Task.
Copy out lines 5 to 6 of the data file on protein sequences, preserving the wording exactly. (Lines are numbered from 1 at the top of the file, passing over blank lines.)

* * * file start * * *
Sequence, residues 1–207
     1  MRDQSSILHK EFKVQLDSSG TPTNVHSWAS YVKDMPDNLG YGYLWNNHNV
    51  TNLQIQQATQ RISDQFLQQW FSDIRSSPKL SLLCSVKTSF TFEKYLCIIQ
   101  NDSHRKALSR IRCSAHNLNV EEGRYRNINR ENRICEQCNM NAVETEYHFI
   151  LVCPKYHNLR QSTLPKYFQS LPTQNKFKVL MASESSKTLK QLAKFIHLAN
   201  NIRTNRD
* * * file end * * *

   151  LVCPKYHNLR QSTLPKYFQS LPTQNKFKVL MASESSKTLK QLAKFIHLAN
   201  NIRTNRD